Sunday, June 12, 2011

Charles H. Ingersoll 'Dollar' Pen (1924-1931)

Ingersoll 'Dollar' Pen with ribbed pattern.

Charles H. Ingersoll, along with his brother, Robert, founded the Robert H. Ingersoll & Brother Company in 1892, makers of the Ingersoll watch. Their pocket watches, the ‘Jumbo,’ ‘Yankee,’ and the ‘Reliance,’ were the Timex of its day. These dollar watches were quite popular, selling over 70 million by the end of World War I. Despite their success, the company was unable to pay its creditors, declaring bankruptcy in 1921. The company was reorganized and Waterbury clock continued to make watches using the company’s name. The company eventually became Waterbury-Ingersoll, later U.S. Time, later Timex. New York Times article on Ingersoll watches.

In 1924, Charles Ingersoll formed the Charles Ingersoll Dollar Pen Company in Newark, later moving to East Orange, New Jersey. They weren’t the only company in history to produce a “dollar” pen (e.g. Evans or Esterbrook). But clearly, Ingersoll was trying to capitalize on the Dollar Watch fame. The company existed until about 1931, producing a nickel-plated brass pen with a 14 karat gold nib and iridium tip. These pens sold for $1.00. That’s $12.50 in today’s economy.

Fourteen karat gold nib with "CHI" stamp.
Later the company added a junior/ladies pen selling for $1.50 and a oversized Bakelite or celluloid pen for $2.00. These pens featured a two-point bearing clip and a unique twist-filling mechanism using an oversized watch-like stem-winder. Ingersoll marketed their pens to compete against the low-end nameless pens with steel nibs. Ingersoll offered high quality 14-karat gold nibs with iridium tipping, much like the “$50” Waterman’s or Parker’s of the day. The nib is easily recognized by the initials "CHI" for Charles Henry Ingersoll. Ingersoll saved on manufacturing and material costs, using brass tubing stock for the body and cap, cheaper, and more readily in supply. It was also easier to form. They avoided cutting a slot into the side of the pen for the lever. Instead a large upholstery tack was used as the filler. It was a simple filling mechanism, but one that also drew up a large amount of ink. Dimensions: Length: 12.8 cm (5”) closed (the twist filler adds an additional 1/8” inch to the length); Cap 5.9 cm (2-5/16”). Width 1 cm (7/16”).

How the ink-filling mechanism works:  Ingersoll used a stem-winder twist-filler system at the back end of the pen. This stem-winder looks very much like an upholstery tack. This tack is inserted through a small hole in the back end of the pen, and into a hard rubber or wooden plug inside the pen. The plug serves as a mount for the back end of a rubber sac, which is cut to fit over the plug.
Twist-filling mechanism.
The other end of the sac is then fitted over the feed. It’s not a complicated system, although it really confused me at first. Twisting the stem-winder about a half-turn squeezes out the rubber sac, much like a sponge. When the stem-winder is released the sac springs open. With the nib sitting inside an ink-well, the action of releasing the stem-winder draws ink through the nib assembly and into the sac. I have seen the twist-filling mechanism on some Gold Bond's, Esterbrooks, Wahl's and Mabie-Todd's.

Writing sample. Click to enlarge.

How does it write: The characteristic of the nib on paper is based not only on the design and material of the nib, but also the paper, the ink, the restoration of the nib, and just blind luck. I have two pens, and can confidently comment on both. The gold nib has a bit of tooth. I’ve tried to adjust and smooth it. I’ve also tried different inks. Despite that, I cannot seem to get it to the butter-on-Teflon smoothness that I prefer in all pens. The tooth doesn’t affect the writing performance, and is not irritating. The nib is firm enough to cut through carbon paper, but there is definitely a bit of flex.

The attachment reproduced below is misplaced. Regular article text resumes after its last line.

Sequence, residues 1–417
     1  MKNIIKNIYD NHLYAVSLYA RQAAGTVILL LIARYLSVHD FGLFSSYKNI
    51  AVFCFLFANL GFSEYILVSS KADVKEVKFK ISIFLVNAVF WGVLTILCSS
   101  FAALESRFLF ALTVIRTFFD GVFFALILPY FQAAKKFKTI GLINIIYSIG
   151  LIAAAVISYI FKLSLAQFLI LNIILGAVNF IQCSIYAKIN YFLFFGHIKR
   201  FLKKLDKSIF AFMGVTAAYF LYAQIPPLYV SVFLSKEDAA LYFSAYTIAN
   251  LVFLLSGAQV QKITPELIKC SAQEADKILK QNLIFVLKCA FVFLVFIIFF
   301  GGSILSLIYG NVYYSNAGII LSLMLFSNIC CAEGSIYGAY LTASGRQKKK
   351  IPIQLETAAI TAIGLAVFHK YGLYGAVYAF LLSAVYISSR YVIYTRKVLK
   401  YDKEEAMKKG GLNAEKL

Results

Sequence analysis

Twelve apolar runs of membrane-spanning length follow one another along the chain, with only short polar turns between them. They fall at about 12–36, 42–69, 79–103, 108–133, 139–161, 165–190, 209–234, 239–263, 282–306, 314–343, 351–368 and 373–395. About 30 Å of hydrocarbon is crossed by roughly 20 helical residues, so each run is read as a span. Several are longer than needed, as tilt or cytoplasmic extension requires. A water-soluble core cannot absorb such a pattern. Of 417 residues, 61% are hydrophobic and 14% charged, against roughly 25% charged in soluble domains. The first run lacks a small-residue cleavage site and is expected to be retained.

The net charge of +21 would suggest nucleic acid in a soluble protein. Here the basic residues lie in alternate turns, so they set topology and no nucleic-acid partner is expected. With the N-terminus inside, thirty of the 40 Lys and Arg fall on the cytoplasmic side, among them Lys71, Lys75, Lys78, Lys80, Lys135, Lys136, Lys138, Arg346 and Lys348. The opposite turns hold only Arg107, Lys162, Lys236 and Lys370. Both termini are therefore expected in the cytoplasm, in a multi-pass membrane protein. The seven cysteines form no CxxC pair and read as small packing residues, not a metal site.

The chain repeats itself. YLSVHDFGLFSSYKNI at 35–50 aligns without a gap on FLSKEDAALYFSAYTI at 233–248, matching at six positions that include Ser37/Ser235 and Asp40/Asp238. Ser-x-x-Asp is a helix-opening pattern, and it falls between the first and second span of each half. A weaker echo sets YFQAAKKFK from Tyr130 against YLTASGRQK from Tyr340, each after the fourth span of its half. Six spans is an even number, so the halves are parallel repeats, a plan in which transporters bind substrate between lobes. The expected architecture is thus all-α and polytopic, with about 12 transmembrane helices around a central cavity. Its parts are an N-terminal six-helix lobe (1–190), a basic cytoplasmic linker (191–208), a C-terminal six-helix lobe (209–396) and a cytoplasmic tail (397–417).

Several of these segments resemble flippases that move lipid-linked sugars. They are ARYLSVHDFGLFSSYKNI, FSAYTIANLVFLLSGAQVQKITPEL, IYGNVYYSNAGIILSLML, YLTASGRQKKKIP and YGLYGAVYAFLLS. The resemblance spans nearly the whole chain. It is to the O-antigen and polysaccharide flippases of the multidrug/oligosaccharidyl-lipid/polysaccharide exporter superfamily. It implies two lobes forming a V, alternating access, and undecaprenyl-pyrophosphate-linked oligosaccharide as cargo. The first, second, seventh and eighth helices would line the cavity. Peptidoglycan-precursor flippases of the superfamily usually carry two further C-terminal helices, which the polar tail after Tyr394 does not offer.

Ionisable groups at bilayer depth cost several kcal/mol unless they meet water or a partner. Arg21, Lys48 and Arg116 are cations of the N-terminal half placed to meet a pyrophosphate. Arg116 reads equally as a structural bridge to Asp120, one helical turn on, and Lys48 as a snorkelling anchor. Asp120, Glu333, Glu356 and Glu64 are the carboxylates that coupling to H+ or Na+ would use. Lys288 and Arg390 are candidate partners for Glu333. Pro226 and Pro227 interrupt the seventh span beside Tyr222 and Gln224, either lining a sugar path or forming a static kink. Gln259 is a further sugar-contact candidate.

This is a pen that I’m comfortable letting others try. But it’s not the spokesmodel for the wonderment of writing with fountain pens. Some people will not post pens. I will when it balances the writing instrument, and this pen would be better balanced when it is posted.
Fleur-de-lis pattern on an Ingersoll pen.

It certainly writes well, but it’s not an all-day writer. It got a bit heavy by the end of a page of writing. When I switched to a plastic Parker, my hand breathed a sigh of relief. I would probably prefer a wider pen. Ingersoll did produce plastic pens in larger sizes.
Finding your own pen:  A nickel-plated brass pen would appear indestructible. However, the sections are prone to cracking. One of my two pens has a large crack in it, but it doesn't affect the writing performance (one restoration specialist has been known to fill this crack with epoxy). These sections are form-fit onto the brass body, and often require a bit of muscle to remove. I was able to successfully remove the section for restoration purposes without fracturing it. The nickel plating on the body is also prone to brassing and wear. This pen has a bit of plating wear along the body, just beneath the cap. A completely clean model is difficult, but not impossible, to find. The pen originally sold for $1. However, modern prices for these pens, depending upon condition, vary from $10 to $90.
Crack commonly found in section.

Conclusion:  I’m a sucker for unique designs and unusual filling-mechanisms. The Ingersoll pen offers both. Its metal body stands out in a collection of pens. Meanwhile, the twist-filler is a unique, and actually quite efficient, mechanism for filling the pen with ink. These pens were not produced as status symbols for executives, and it’s overall finish and design reflects that. However, they are durable writing instruments, that fall well below the radar among collectors.


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